A WRITER has revealed that she was warned not to take LSD by Sir Sean Connery – because of his own bad experience taking the drug.
Irish author Edna O’Brien revealed the startling account in her new memoir where the former Bond star recalled his own “freight of terrors”.
The Scot spoke of tripping with pal psychiatrist Ronald David Laing during psychedelic therapy sessions.
RD Laing worked extensively with mental health issues where he used tabs of acid to get patients to open up – he was even described by his own mum as “psychologically peculiar”.
In her new book, Country Girl, O’Brien recalled a conversation with Sir Sean from May 1970 where he warned her to stay away from Laing and his use of the hallucinogenic substance.
O’Brien wrote: “I had learnt from Sean Connery, with whom I had dinner the previous evening, that his own LSD trip with Laing – both being old friends fromScotland– had its own freight of terrors.
“Yet I did not cancel the appointment. It was as if in some way I believed I could go through with it and yet escape a terrible ordeal.”
According to Dianne Cilento, Connery’s first wife, it is understood that Laing encouraged Sir Sean to take the then legal drug.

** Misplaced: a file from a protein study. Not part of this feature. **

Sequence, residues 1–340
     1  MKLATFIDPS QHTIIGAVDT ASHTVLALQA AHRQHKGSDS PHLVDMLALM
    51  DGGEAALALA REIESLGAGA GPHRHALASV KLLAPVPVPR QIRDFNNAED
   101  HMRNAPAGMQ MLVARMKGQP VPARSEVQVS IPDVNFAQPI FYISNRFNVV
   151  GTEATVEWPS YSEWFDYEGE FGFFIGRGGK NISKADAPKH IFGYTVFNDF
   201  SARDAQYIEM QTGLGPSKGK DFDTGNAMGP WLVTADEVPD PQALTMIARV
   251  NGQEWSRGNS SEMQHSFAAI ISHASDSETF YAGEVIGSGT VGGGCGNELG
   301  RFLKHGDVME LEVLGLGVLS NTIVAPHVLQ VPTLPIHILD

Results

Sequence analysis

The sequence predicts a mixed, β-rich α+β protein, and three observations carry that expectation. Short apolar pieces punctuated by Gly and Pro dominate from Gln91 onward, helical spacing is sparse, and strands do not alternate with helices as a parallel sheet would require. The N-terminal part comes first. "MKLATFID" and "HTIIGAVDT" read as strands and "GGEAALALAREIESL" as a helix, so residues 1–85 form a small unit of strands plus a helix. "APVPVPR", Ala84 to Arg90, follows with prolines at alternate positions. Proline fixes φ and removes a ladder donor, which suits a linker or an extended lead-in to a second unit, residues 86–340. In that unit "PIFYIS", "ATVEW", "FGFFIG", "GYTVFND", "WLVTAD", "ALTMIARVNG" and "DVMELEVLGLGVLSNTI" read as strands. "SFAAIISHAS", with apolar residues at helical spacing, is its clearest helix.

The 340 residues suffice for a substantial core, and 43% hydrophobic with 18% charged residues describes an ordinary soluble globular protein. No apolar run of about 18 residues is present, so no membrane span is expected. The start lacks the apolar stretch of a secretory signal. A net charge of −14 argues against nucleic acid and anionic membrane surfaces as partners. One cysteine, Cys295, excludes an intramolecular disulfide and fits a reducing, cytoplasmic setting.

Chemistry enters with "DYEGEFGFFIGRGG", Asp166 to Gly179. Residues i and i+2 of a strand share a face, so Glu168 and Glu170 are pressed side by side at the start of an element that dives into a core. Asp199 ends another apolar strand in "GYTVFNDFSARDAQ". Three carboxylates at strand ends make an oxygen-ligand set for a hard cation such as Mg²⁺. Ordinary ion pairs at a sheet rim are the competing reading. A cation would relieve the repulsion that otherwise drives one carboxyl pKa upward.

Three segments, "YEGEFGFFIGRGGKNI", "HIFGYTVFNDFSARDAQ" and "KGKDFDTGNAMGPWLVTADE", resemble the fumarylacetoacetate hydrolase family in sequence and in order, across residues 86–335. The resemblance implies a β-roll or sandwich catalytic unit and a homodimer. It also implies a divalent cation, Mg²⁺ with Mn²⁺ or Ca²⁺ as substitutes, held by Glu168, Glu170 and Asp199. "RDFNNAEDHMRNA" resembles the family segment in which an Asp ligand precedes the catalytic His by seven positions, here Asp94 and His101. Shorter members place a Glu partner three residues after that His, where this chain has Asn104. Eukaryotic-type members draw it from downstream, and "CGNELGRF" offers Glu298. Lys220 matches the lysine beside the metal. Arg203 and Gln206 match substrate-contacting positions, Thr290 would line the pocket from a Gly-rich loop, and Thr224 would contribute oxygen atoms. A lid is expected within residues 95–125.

In her autobiography My Nine Lives, Cilento said Connery needed the chemical release to deal with the stresses of his acting having just starred in Goldfinger in 1964.
She said it was like opening a “Pandora’s Box” as Connery was emotionally transported back to his hard upbringing in working-classEdinburgh.
Cilento wrote: “It was his standard procedure with patients he felt were emotionally blocked.
“No one was privy to what happened over the next six hours but I believe that with his enormous reserve and armouring Sean resisted the drug.
“As a result he had to go to bed for several days to recover. Buried anger, victories or defeats came tumbling out without warning.”
Cilento said that during these sessions Laing demanded “a great deal of money, complete privacy, a limo to transport him to and from the meeting and a bottle of the best single malt scotch at each session.”
In the end O’Brien ignored the actor’s advice and met with Laing where she described him as turning into a rat and her kitchen walls turned into flesh.
She said she felt compelled to meet with the psychiatrist as it would enrich her writing.
Spokespeople for Connery were unavailable for comment.